Mountains, covering approximately 22% of the earth’s land surface, are the source of more than 60% of the world’s fresh water. With over half of the human population depending upon them for water, food and clean energy (hydro-power).
The threat of climate change, climate variations and natural disasters due to global warming can have a profound and devastating effect on each and every living thing on our planet with the people and the biodiversity in these regions experiencing its effects as we speak. Mountains are early indicators of climate change with glaciers – which are a major source of fresh water supply – melting at an unprecedented and alarming rate resulting in the drying up of underground and over the surface water sources which had been used earlier and the creation of new lakes which erstwhile was occupied by heaps of ice and snow that had accumulated since the last ice age.
As the streams and other water sources dry up, the land which was earlier used for cultivation of crops, have now become barren. Moreover the people in these areas being neglected in economic, social and political terms leading to large scale migrations of the mountain people from their ancestral lands to new settlements and urban centres over the years to coup up with food shortages, poverty and to have a better livelihood. Climate shift and variation in its pattern is also affecting the cultivation of grains and fruits in these regions.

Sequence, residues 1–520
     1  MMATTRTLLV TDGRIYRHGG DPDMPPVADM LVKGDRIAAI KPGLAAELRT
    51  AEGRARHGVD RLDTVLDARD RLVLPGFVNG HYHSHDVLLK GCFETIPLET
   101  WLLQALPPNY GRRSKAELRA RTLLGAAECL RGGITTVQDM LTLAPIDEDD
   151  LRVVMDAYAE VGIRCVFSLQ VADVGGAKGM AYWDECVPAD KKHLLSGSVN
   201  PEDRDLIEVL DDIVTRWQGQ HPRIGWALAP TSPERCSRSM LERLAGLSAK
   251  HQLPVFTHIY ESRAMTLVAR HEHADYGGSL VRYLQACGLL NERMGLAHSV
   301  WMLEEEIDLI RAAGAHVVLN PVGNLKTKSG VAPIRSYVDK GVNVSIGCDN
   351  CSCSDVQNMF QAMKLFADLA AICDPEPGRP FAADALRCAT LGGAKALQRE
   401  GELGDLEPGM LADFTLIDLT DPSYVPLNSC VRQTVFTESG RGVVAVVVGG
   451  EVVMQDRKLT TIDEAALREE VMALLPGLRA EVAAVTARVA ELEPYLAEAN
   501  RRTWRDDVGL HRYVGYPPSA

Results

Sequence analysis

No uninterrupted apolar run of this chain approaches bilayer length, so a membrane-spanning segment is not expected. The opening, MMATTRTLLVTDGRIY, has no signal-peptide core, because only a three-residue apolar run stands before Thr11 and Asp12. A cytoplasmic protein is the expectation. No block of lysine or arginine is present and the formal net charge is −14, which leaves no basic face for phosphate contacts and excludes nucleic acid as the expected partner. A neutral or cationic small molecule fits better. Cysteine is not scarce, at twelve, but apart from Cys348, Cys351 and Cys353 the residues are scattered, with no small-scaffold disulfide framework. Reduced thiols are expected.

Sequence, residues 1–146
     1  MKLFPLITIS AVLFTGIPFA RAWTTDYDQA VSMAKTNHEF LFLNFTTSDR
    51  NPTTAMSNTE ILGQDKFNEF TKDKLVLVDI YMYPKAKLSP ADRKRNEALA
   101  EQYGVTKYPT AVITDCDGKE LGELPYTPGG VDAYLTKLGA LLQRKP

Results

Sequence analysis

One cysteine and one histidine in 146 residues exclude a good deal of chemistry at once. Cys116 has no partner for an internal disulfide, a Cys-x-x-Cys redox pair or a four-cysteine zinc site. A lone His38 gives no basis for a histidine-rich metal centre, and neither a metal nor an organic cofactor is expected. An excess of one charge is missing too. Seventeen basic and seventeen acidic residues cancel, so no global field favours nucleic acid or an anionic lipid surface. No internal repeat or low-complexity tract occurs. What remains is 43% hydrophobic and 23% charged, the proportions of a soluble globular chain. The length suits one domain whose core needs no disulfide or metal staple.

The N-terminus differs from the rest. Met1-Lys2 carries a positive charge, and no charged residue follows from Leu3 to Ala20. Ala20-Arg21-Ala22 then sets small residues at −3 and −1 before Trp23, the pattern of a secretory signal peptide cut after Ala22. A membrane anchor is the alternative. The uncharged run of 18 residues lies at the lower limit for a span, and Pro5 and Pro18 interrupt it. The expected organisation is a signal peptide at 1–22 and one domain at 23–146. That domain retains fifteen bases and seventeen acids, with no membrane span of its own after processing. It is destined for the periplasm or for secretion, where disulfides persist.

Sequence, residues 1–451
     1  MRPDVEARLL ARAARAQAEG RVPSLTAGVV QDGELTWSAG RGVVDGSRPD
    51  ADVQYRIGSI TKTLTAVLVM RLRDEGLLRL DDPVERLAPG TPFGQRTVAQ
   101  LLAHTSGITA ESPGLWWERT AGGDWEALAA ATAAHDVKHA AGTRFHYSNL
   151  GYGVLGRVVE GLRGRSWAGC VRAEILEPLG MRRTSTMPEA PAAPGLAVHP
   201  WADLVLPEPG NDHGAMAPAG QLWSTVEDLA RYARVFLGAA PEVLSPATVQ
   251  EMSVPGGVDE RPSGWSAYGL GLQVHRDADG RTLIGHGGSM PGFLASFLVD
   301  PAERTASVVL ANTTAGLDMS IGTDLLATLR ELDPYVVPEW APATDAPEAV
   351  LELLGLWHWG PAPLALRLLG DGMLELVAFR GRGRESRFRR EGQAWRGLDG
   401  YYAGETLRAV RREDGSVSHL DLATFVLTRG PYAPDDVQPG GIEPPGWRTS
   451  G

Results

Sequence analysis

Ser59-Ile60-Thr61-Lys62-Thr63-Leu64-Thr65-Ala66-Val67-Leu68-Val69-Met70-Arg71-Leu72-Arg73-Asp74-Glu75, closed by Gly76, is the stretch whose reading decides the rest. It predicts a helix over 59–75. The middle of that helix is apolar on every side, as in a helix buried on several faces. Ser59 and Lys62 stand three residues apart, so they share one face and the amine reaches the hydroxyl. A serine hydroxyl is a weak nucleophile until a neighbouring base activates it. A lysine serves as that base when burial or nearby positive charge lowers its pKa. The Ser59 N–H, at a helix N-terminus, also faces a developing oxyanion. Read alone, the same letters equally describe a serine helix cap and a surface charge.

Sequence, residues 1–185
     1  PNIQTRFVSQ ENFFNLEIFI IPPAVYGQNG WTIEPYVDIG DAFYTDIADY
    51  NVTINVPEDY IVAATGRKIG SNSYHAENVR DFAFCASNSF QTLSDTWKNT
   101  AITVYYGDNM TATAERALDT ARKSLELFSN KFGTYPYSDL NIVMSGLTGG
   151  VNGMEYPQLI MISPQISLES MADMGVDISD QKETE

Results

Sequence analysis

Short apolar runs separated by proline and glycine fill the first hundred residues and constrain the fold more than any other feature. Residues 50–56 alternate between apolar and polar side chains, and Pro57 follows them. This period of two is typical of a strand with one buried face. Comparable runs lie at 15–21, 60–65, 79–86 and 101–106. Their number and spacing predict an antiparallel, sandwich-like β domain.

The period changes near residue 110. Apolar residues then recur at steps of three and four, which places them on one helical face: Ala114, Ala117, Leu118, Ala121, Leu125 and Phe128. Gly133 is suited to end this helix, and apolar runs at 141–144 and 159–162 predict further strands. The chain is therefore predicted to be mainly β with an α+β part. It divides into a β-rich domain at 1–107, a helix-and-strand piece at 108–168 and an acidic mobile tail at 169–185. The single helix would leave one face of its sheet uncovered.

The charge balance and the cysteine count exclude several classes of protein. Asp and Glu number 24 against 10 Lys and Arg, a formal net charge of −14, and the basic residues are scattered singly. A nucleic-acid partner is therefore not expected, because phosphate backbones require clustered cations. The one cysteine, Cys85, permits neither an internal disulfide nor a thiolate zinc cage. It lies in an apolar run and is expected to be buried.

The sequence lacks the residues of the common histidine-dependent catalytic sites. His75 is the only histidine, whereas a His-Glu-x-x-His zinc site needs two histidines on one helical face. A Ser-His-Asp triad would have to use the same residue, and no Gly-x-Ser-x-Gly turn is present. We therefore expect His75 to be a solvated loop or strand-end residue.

Mountains such as the mighty Himalayas have influenced global weather resulting in the yearly rains witnessed by the Indian sub-continent to stopping the cold and arid winds blowing down south keeping southern Asia warmer than their corresponding temperate regions in other continents. While this made the land to the south fertile it separates the cold and arid region in the north. They are the sources to some of the most important rivers in the world such as the Ganga, Brahmaputra and Indus along which many civilizations have thrived and is a haven for many species of birds, animals and plants (such as the south Asian river dolphin) still. In essence these mountains have played a vital role in the development of the biodiversity around them.
Life for the people in the mountains is hard and it is getting even harder. Though the effects of climate change and climate variations are being felt by the mountain people, it won’t be long till this effect trickles down to other parts of the geography as well.
So in an attempt to bring forth some of the issues that have been neglected so far let’s make this International Mountain day count. Cause Mountains matter!